Wanting DO over MD doesn’t change any of the expectations regarding volunteering and ECs. DO schools tend to have slightly lower sGPAs and slightly lower MCAT scores in their matriculants. (Though the CA DO programs have admission stats–GPA/MCAT-- equal to or higher than MD programs elsewhere. The California curse. Also CA DO programs are all private and offer zero in-state preference.)
Research positions without a PhD. Research coordinators, research assistants, research technicians. These positions tend to pay poorly simply because there is a glut of bio majors who are looking for these types of jobs. D2 was a research program coordinator at top 10 med school for 2 years while she decided between MD and MD/PhD. She made a glorious $32K/year and said longterm it really wasn’t a viable career path. Before I retired, i worked at a biomedical research institute. Our research techs (all with science BS degrees) were paid about the same. Lab managers make more but those positions often require a thesis based MS and prior related research lab experience.
There are opportunities for bio majors, but students need to work at making themselves attractive job candidates. This includes learning some additional skills like computer coding, R-language and/or MATLab, how to use statistical software, biostatistics coursework, and doing industry-based internships during summers.
Just looked at the Biotechnology major at CSU-SM. It has very good overlap with pre-med requirements. Certainly a viable alternative to a bio major for your daughter. And if the program help its student find industry internships during the summer–even better. Looks like it could have a built-in Plan B.
Yes, my daughter was also premed intentions and had a 15-20 hour per week commitment, also volunteered on campus and in the community on a weekly basis, was involved in research, editing papers to be published, etc.
I am not suggesting that this is easy or free from stress- it most certainly is not. It also depends on the school.
Hence my comment to specifically look at the school and COACH’s flexibility. My daughter actually has much, much heavier ec hourly commitments, but her ability to adjust her hours makes a tremendous difference. A coach bluntly told my son that if he needed a particular lab class he had to take it over the summer as it is only offered on friday afternoons and it conflicted with their meet schedule - and this was D3! That’s the kind of information a recruited athlete needs to know before committing - also a reason for him to avoid extremely small schools. Others specifically offered additional practice slots to accommodate schedules - the variability was really tremendous.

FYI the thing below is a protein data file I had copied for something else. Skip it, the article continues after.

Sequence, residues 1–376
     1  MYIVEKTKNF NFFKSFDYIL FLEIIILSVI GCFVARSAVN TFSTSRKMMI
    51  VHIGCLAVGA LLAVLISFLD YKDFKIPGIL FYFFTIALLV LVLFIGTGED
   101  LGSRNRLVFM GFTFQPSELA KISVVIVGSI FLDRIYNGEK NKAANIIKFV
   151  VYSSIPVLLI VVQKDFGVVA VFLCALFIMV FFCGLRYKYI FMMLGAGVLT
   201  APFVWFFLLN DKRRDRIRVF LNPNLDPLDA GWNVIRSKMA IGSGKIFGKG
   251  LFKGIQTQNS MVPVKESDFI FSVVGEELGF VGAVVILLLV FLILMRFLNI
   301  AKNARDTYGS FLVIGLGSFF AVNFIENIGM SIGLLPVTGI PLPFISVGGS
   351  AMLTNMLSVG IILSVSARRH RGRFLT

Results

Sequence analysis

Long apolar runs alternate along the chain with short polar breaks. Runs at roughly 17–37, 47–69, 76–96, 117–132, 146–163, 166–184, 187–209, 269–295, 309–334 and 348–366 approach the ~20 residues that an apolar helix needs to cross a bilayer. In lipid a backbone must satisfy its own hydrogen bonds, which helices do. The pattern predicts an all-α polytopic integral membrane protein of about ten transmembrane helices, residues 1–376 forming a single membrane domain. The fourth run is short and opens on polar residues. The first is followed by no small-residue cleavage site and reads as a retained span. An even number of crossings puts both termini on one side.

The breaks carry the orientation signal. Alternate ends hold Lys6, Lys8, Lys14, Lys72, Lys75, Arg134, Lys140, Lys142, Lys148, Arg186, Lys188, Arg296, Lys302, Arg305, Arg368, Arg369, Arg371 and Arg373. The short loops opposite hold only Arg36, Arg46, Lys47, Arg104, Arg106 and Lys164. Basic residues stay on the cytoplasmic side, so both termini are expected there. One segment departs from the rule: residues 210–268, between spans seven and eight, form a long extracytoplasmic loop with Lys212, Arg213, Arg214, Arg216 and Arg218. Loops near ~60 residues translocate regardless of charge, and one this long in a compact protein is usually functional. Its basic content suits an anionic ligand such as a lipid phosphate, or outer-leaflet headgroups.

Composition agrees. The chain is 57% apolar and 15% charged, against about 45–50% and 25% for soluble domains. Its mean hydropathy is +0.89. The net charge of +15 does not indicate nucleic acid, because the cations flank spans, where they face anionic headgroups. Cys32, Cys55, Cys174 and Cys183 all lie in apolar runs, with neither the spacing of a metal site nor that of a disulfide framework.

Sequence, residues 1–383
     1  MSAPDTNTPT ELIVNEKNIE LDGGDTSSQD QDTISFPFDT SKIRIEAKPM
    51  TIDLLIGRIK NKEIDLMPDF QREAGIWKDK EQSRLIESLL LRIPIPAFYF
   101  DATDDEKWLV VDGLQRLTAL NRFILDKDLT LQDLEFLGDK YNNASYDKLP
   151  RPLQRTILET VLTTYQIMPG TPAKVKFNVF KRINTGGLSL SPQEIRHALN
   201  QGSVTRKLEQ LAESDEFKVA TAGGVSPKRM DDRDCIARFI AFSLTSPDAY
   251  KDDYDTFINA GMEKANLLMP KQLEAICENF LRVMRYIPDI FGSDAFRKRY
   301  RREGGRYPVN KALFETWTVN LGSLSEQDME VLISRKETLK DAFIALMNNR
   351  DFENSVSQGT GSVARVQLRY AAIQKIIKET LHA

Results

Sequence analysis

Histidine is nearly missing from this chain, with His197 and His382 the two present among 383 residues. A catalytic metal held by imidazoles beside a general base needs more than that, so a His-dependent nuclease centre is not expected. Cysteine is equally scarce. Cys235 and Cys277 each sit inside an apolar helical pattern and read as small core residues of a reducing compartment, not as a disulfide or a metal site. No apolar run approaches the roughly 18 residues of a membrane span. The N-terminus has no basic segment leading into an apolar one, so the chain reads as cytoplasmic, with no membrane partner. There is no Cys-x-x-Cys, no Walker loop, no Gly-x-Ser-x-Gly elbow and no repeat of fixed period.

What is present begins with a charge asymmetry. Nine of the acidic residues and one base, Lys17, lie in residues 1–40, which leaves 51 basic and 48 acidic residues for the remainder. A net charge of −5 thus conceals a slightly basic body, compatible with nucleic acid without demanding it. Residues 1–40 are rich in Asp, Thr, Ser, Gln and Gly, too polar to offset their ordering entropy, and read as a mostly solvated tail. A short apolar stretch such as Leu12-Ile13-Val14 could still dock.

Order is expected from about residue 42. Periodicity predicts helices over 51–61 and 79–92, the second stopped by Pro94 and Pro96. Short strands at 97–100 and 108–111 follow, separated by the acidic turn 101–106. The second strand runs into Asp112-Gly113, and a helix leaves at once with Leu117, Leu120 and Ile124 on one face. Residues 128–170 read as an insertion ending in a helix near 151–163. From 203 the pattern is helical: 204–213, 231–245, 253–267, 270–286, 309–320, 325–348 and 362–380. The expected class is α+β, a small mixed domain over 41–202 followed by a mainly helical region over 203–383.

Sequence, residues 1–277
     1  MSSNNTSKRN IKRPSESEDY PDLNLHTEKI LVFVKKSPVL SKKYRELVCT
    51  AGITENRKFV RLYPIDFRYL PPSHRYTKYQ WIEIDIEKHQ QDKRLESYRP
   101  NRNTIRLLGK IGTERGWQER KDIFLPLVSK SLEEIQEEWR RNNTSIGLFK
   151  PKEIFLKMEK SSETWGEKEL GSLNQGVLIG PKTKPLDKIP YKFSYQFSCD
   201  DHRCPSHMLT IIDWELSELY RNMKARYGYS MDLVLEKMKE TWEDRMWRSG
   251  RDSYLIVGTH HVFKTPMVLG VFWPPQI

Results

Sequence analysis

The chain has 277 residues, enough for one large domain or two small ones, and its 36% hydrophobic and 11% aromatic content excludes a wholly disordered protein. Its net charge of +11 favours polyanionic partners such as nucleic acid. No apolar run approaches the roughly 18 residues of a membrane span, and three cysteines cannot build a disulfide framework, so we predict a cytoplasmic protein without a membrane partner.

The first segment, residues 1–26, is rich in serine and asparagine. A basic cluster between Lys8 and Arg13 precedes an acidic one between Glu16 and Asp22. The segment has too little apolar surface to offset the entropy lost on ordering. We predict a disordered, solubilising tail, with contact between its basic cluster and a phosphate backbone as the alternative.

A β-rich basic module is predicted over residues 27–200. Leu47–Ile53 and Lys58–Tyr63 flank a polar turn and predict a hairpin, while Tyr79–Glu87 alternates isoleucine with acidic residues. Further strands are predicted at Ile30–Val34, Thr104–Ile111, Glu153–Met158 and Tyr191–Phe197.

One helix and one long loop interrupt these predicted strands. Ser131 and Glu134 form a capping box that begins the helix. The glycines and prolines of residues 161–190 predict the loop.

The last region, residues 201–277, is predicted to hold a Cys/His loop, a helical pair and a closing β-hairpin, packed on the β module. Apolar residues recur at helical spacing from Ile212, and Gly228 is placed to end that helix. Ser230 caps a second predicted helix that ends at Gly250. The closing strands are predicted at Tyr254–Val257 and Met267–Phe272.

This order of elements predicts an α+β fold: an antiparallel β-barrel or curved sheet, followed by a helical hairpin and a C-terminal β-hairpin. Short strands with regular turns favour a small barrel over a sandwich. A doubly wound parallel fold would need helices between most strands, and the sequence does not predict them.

She is about to begin a job that is relevant to her field of interest while she applies to graduate programs. She recently thought …once again …about applying to med school, but decided to stick with this plan given she loves the material and it provides the work/life balance she wants.
She talked to the coach and said he seemed flexible about her plans. He also said he was open to allow her to study abroad, another goal of hers. We also have the advantage of knowing a third year player there. She speaks very highly of the coach, the team dynamics, and said both the professors and coaching staff are extremely flexible and take great care of the athletes with their class scheduling, tests etc.
She will likely revisit it when/if she gets her official offer.
She isn’t sure yet. She loves technology and detail…she’s said for a while she would love to be a radiologist. I feel like she probably doesn’t really know 100% at this point. I’m looking forward to her learning more when she gets in college and figuring out her passion.
AI is good a pattern recognition and radiology and pathology are that. It won’t replace them, but it will reduce the need for them. Certainly subspecialties of radiology, interventional for example, won’t be hurt by AI. Just a thought.
She’s a long way from picking out a medical specialty. She has to get accepted into med school first.
Currently radiology is a moderately competitive specialty and most people (about 80%) who apply for it can get a residency so long as they are not picky about the type of training program (i.e. at a community hospital instead of an academic hospital) or the region of the country (midwest or south)
But, that said, if she’s truly interested in radiology as her specialty, I’d recommend she take the calculus-based PHYS 201-202-203 sequence instead of the algebra based PHYS 205-206 (Physics for Biology Majors). Radiology and radiation oncology are two of the more math-intensive medical specialties and require understanding of concepts taught as part of modern physics (Modern physics topics aren’t taught in Physics for Biology majors.) Just a suggestion. (D1 majored in physics and was actively courted by both the radiology and radiation oncology departments during med school. They said it was far easier to teach a physicist any biology they needed to know than to teach a biologist all the physics a radiologist/radiation oncologist needs to know.)